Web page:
One may ask about a given occupation or pastime, then, whether it is anything a sane person would freely do. Does it advance the metamorphosis, the illumination, which is before us as a possibility?

I may interject that this commentary may seem to stress intellectual integrity or lucidity over feeling. But one has to read carefully. Feeling is acknowledged here. As for my showcasing of intellectual integrity, there are good reasons for it. What I want to emphasize most is my call for the supersession of the dichotomy of thinking and feeling.

In personhood theory, I evolved a definition of ‘dignity’ in mindfulness of Hennix’s exhortation to visionary elevation. To elaborate, Hennix did not consent to mere waking consciousness (the mundane) as the arena, but wanted to speak of visionary elevation in whatever sense of that phrase we could justify. (The realizable visionary impulse.) When I adapted the word to my perspective, I could not avoid declaring that I have a very different conception from a contemporary scientist of what is materially possible. In my adaptation, self-actuation is relative to meta-technology.

Dignity is one's supportive expectation from oneself of responsible caring, emotional receptivity, independence, steadfastness, ability, honesty, astuteness (and such traits).–Relative to the perspective of personal faculties and personal possibility allowed by meta-technological dismantling of culturally correlated credulity and objectification.

The conception, then, was an interpretation of exaltation. It was not a contribution to a definition of ‘the dignity which all have in common’ – which appears in theology and is invoked in "human rights" doctrine. After all, the latter takes factual reality as an unexamined given.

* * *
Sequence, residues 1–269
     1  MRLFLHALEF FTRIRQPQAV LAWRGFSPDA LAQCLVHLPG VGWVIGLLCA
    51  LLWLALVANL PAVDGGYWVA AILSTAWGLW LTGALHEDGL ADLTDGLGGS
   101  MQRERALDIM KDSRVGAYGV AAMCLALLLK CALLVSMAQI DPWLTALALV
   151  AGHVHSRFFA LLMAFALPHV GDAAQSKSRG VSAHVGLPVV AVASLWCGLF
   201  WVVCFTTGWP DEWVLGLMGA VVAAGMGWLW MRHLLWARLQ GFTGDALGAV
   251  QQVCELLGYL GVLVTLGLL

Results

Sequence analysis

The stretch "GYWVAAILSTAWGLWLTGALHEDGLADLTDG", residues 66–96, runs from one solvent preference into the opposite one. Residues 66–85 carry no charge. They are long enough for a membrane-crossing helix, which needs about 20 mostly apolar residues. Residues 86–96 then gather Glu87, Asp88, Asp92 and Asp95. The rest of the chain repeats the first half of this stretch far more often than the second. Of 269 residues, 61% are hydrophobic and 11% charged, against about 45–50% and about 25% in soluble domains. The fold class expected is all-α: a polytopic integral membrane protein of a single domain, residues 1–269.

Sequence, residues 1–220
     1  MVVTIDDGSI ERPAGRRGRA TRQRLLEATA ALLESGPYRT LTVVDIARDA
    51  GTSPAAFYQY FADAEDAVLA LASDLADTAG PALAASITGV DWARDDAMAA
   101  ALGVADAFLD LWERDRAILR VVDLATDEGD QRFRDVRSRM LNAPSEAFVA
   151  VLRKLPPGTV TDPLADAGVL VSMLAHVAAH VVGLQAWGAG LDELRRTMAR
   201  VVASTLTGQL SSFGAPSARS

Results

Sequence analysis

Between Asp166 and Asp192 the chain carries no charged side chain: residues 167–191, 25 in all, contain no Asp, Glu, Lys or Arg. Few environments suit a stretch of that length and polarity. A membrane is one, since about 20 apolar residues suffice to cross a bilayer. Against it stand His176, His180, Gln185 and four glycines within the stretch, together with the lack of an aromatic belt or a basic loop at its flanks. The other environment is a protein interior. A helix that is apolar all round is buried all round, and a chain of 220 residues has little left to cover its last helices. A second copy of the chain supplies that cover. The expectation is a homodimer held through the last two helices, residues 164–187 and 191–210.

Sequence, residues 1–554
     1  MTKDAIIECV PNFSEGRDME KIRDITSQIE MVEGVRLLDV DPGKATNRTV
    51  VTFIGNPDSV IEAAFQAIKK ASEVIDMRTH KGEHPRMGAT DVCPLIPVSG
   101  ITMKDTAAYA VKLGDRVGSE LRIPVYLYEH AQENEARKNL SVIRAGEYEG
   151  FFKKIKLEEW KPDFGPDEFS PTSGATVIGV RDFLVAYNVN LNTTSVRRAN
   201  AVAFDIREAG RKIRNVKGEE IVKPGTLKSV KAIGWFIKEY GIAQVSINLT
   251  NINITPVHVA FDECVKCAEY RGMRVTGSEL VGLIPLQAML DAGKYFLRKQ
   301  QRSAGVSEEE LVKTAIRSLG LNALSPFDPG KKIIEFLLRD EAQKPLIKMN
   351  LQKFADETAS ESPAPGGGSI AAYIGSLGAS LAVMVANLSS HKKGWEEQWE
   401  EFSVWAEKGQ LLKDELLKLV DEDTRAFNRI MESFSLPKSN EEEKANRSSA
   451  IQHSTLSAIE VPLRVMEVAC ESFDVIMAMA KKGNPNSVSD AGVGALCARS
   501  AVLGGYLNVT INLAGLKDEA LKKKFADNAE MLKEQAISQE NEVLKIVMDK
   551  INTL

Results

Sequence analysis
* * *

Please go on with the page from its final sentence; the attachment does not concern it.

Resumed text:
All the same, Hennix paid tribute to the notion of the intrinsic worth of every person in saying, as quoted in §IX, that even shallow people are entitled to life.


Referring to the venture of plasticizing reality, "radical empiricism" is the vantage-point. One is enabled to rotate the determination of reality–through a combination of principled hypocracy (selecting one's arenas of engagement), and destabilization. Meta-technology: immanent destabilization of the ambient medium of thought, of "mundane consciousness." Then you engage the mundane world in order to press the consequences of its incoherences. Accommodate, or engage, the delusion in order to destabilize and metamorphose it. To move from one determination of reality to another. Intervene in the ordinary world to undermine and transform it.

But who and what is the doer? Meta-technology has no commitment to the social-thematic ego. But that does not settle the issue. Engaging the mundane world in order to rotate the determination of reality presupposes centered activation

–which is self-respecting and inwardly assured

–which admits "skeptical detachment"

–which is energized

–which is analytical

–which is persistent.

This self goes unexamined in meta-technology.

Engaged in meta-technology, you plasticize, metamorphose "reality." You gain access to what is beyond ordinary personhood by actively metamorphosing the ostensible world or ordinary person-world. You dissociate to plasticize/mutate; and then to eliminate the subject-object interface.–Always within the palpable (not necessarily the ostensible). You get rid of ordinary personhood to swim in uncanniness.

Visionary elevation–or exaltation deriving from escape from mundane credulity and from achieving manipulative power over the determination of reality. Engage the mundane in order to destabilize it. Fragment it, and use the fragments as raw material for alternative realities.

The extreme standpoint anticipated in §VII. Whoever has the capacity to "rotate" the ostensible world or cultural determination of reality is in a position to make him/herself disappear to him/herself–without reductionist half-fantasies.

From the vantage point of radical empiricism, your longitudinal identity would have to be a catalyst which would be discarded. You make yourself disappear to yourself in a non-depersonalizing way.